LL of us fail at some point to live up to what we see as our moral code. That should not be confused with disagreeements about what is indeed the moral code. So many contemporary issues trace their way back to what is the source of the moral code and who is able to tinker with it. That’s a point I tried to make in recent interviews about the United Methodist Church.
Methodism began as a movement within the Church of England, and became a denomination after the death of its founders John and Charles Wesley. The denomination quickly made its way to America in the late eighteenth century as the Methodist Episcopal Church. Eventually, the Methodist movement in America joined with the United Brethren movement forming the United Methodist Church in 1968.
The denomination has always been marked by diversity. Much of its theological diversity stems from its international diversity, with its most conservative and fastest growing contingency existing outside the United States. At the forefront of disagreements between those who identify as progressive and those who call themselves traditionalists within the United Methodist Church are the issues of same sex marriage and the ordination of those who identify with the LGBTQ movement. In recent days, an informal group of sixteen members representing both sides, has proposed a way forward.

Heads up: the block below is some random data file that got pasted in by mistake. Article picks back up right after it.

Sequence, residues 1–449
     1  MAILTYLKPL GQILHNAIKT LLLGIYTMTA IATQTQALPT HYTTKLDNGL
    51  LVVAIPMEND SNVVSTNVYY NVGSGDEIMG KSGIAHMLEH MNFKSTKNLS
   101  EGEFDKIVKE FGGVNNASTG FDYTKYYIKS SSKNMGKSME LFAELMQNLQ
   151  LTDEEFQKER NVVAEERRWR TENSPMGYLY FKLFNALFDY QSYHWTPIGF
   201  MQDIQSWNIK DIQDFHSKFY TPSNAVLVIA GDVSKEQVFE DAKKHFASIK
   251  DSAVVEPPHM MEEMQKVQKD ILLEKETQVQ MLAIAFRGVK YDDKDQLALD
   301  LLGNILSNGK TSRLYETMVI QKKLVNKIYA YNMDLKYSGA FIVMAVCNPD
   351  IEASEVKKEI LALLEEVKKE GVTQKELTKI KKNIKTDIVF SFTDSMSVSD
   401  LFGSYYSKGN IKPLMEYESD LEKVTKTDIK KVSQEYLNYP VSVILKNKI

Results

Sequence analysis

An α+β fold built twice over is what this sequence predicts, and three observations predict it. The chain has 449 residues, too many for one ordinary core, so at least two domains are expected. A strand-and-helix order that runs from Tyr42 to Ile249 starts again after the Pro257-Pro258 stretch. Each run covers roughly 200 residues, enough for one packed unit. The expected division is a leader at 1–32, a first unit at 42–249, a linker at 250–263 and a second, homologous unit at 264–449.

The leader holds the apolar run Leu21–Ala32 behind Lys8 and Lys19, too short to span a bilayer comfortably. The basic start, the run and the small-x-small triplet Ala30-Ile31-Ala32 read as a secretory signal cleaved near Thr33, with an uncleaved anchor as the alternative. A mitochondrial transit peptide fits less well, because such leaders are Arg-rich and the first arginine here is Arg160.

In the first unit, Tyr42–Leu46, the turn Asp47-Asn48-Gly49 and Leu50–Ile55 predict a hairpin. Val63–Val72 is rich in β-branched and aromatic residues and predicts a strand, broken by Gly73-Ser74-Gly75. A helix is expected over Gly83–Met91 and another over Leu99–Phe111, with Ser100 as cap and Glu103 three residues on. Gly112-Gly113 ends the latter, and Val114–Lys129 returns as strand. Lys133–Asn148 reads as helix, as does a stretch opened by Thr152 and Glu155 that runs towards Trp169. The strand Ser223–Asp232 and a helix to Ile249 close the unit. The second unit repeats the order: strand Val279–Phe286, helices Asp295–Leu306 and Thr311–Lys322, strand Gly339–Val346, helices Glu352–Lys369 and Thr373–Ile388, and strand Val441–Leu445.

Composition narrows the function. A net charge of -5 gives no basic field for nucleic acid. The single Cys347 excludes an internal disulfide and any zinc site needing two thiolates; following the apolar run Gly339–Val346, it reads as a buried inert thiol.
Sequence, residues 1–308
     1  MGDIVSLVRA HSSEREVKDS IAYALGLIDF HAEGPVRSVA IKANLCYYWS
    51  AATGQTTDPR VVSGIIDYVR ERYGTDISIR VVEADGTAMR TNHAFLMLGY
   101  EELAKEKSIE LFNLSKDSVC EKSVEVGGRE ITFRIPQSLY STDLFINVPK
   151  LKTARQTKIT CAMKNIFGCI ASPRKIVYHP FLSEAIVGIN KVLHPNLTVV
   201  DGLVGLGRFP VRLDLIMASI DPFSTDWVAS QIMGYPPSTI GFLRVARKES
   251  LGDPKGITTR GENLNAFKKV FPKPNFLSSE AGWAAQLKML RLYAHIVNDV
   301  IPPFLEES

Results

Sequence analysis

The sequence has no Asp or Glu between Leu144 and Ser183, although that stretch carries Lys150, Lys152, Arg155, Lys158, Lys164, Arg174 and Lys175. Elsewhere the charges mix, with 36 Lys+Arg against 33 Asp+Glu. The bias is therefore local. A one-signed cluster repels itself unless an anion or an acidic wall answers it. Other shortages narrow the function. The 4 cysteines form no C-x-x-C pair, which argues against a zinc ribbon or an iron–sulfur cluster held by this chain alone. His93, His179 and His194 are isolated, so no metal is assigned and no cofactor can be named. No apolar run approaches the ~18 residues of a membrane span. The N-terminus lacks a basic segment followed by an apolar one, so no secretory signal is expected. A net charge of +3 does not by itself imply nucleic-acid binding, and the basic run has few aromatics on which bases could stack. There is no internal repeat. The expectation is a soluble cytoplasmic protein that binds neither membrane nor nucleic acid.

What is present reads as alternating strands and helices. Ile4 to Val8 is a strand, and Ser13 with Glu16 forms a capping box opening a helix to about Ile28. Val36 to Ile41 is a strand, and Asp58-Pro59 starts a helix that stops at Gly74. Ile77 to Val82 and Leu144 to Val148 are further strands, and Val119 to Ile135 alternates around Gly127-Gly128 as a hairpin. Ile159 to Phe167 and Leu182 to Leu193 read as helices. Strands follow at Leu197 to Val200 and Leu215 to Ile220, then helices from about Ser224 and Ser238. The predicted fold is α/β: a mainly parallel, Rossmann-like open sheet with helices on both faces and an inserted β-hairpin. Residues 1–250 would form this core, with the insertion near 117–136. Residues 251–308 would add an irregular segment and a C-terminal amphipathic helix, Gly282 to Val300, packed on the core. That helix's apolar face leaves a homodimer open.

In May the General Conference of the United Methodist Church will vote on the proposal and potentially make plans for a planned split where those who uphold biblical sexuality and marriage will have a set amount of resources to form a new denomination. As I’ve had opportunity to speak to this issue the main point I’ve tried to communicate is that Christians who uphold a biblical view of marriage see themselves, not as morally superior, but as those who are under the authority of God’s revealtion of himself.